Purge This Land
Weaving the story and letters of radical American abolitionist John Brown and the attack on Harper’s Ferry with her own personal history, filmmaker Lee Ann Schmitt (The Last Buffalo Hunt, 2011) uses her signature essay style to create a profound portrait of America today. The narrated histories are told over striking images, shot on film, of the sites of racial violence, creating a haunting and poetic account of the past that is still very much a part of our present.
“Schmitt’s [film] abstains from going the educational route, preferring to point out how present the past still is in the United States. The casual way she intertwines her stories of casual racism (against her kids and partner) with historical facts, how her voice sounds detached, but the things she is saying are mind-piercing, all this causes Purge This Land to raise a level above more recent documentaries about the subject, like I Am Not Your Negro (2016).”—Sara Galvão, Critics Associated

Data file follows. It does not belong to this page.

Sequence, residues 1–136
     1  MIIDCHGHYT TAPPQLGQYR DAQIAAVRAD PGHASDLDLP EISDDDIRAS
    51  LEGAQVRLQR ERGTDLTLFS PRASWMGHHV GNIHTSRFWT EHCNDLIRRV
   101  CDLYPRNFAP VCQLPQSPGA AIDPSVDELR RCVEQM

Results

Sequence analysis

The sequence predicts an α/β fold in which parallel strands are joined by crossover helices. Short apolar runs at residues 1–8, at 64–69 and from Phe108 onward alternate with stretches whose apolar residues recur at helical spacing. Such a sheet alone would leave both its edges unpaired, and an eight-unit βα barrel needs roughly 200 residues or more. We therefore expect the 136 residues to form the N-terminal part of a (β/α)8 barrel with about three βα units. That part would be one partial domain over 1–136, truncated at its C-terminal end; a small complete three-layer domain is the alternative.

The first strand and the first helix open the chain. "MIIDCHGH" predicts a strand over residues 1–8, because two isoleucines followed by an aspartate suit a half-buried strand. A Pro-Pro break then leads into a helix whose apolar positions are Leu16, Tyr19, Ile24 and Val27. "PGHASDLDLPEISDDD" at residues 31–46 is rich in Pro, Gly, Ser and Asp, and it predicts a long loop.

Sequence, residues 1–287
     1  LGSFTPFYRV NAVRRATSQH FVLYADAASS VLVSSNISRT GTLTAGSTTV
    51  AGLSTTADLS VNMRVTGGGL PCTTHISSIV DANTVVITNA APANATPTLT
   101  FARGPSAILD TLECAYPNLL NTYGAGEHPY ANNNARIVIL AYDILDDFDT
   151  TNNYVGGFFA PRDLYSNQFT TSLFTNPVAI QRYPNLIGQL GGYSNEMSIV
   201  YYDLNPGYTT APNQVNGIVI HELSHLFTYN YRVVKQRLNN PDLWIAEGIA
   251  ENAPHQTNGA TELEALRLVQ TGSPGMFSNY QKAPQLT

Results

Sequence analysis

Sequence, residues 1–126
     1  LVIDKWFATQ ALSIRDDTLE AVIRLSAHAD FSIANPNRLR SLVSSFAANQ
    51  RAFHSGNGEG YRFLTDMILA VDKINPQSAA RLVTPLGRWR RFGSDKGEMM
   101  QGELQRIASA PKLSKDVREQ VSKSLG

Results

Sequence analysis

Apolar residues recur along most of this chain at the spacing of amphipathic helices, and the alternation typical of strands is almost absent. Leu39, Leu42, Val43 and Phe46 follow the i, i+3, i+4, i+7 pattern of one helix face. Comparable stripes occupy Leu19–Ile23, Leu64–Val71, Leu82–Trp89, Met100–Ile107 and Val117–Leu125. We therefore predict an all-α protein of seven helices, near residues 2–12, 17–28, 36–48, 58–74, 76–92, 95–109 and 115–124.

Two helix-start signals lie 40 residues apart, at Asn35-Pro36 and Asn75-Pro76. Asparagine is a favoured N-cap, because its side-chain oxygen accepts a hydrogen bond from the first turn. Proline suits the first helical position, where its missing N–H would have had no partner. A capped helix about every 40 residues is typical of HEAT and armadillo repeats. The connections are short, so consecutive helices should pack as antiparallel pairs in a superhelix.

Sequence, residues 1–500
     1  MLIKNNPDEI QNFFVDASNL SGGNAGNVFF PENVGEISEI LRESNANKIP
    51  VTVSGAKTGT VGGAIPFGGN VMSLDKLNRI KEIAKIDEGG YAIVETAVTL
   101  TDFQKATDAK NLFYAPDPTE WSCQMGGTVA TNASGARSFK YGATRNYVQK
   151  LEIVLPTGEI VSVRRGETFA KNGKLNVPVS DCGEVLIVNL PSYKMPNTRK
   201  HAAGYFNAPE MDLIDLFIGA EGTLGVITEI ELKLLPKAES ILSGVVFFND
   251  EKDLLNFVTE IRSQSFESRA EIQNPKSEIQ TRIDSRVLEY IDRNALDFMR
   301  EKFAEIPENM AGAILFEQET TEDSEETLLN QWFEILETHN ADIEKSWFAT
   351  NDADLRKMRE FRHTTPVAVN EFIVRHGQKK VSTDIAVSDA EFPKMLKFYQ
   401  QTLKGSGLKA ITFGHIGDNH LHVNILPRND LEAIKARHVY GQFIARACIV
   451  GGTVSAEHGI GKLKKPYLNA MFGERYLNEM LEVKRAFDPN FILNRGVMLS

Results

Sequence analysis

“Lee Anne Schmitt’s Purge This Land tells us exactly what she—a white woman whose partner is black—is thinking and feeling. Schmitt’s captivating voice-over, which interweaves the story of abolitionist John Brown, episodes of racial violence, and glimpses into her personal life, [is] accompanied by vacated views of Detroit, Chicago, Virginia, and California. [Shot] on 16mm, these contemporary images, like her narrative, feel outside of time. Her point, of course, is that historical pain is present everywhere we look in America, even if we don’t see it. She dedicates the film to her son and it’s precisely this subjectivity that lends the film its political punch.”—Paul Dallas, IndieWire